Finance minister Heng Swee Keat said that despite the country being confronted by several global uncertainties Singapore is strongest when united.
With this show of resilience, the Government will continue to build a caring and inclusive home for Singaporeans, said Heng.
While Budget 2019 is forward-looking, Heng said that no Budget stands on its own.
“Every Budget builds on the past and on the wider foundation of the good work contributed by different public agencies,” he said.
As an example, he cited the recent Singapore Public Sector Outcomes Review report which showed that Singapore has achieved good progress across its economic and social fronts in the past two years.
“GDP (gross domestic product) growth rate is healthy, productivity levels have improved, and Singaporeans are seeing higher real income,” he said.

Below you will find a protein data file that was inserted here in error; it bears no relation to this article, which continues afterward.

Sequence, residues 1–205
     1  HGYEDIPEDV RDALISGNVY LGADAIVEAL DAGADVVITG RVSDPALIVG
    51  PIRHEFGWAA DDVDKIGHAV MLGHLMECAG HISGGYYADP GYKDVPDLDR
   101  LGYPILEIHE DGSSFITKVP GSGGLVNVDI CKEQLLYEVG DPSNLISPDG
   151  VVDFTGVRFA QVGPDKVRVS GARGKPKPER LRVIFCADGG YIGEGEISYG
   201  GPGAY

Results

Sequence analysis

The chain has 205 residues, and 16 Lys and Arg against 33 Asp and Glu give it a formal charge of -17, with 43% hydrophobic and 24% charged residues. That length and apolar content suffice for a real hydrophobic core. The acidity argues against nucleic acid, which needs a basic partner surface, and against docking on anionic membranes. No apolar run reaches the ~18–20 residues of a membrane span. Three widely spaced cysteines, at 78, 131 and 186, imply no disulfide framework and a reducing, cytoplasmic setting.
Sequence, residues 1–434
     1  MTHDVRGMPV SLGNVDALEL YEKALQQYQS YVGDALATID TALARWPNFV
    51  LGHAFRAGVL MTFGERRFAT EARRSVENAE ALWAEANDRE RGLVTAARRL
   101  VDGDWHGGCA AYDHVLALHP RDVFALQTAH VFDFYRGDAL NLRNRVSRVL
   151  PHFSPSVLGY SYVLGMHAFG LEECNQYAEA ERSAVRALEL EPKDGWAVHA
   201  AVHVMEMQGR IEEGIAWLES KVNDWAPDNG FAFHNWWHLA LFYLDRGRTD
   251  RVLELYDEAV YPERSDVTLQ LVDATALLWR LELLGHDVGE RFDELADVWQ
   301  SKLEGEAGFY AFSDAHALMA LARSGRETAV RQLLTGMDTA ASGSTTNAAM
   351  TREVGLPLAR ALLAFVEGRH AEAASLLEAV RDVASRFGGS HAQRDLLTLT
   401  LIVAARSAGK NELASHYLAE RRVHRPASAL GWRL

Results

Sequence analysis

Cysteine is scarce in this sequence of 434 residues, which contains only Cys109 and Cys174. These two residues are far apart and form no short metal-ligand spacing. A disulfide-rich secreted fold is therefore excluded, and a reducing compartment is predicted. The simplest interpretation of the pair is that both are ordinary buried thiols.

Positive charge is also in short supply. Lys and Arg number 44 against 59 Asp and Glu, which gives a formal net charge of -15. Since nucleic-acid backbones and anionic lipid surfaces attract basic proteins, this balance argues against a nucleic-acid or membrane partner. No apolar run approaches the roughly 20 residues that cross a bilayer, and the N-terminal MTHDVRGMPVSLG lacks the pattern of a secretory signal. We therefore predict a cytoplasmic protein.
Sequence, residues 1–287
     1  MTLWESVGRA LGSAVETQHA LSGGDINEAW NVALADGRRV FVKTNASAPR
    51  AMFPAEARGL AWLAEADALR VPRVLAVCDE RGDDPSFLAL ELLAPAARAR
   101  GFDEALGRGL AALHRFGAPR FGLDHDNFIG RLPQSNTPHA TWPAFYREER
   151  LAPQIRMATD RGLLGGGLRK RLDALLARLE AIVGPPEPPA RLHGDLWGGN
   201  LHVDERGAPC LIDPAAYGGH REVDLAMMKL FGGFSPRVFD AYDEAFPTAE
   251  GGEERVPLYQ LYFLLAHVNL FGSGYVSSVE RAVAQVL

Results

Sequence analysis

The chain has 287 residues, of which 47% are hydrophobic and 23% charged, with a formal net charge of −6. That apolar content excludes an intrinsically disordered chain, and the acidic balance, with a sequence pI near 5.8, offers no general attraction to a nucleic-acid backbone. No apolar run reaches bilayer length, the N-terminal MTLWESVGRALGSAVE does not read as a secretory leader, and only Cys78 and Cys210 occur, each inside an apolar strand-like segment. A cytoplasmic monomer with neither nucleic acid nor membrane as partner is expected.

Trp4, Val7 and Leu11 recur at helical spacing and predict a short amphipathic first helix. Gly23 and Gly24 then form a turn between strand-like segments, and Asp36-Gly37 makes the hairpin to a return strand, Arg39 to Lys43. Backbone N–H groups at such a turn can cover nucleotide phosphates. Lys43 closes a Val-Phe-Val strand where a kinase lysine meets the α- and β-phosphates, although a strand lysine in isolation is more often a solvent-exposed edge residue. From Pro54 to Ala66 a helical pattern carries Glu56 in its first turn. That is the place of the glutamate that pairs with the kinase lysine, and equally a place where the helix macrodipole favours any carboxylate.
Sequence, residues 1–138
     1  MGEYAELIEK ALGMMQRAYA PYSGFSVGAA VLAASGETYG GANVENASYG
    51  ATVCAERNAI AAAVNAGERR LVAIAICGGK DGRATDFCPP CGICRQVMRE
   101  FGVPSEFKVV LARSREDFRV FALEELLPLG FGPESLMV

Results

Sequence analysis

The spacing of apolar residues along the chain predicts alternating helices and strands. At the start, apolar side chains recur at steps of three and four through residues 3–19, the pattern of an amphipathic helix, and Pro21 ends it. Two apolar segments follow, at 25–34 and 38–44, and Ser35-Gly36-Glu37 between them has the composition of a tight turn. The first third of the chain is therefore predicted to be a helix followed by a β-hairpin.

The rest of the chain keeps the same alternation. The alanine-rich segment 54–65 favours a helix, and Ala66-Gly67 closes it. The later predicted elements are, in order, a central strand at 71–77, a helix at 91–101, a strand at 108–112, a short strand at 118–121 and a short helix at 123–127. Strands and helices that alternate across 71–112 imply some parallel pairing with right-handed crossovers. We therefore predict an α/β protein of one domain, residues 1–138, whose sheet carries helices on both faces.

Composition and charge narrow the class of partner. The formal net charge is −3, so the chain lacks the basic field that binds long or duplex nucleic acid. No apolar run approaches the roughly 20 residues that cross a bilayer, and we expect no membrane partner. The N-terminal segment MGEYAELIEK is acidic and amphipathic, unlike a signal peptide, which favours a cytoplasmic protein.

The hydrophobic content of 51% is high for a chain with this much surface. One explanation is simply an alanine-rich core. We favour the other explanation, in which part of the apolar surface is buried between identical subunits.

Singaporeans also enjoy access to affordable and quality healthcare, education and housing, he said, adding that “the picture is positive”.
In 2018, the economy was expected to grow by 3.3 per cent, but growth is tipped to slow to 2.6 per cent in 2019, down from the 2.7 per cent expansion predicted previously,
Bank of America Merrill Lynch economist Mohamed Faiz Nagutha sees 2019 as a challenging year for Singapore, however, a crisis is unlikely.
“As a small and open economy, Singapore will bear the brunt of any significant global slowdown but strong domestic fundamentals and policy buffers should help better navigate the challenges,” the economist said. “Overall, we hold a relatively optimistic outlook for Singapore.”
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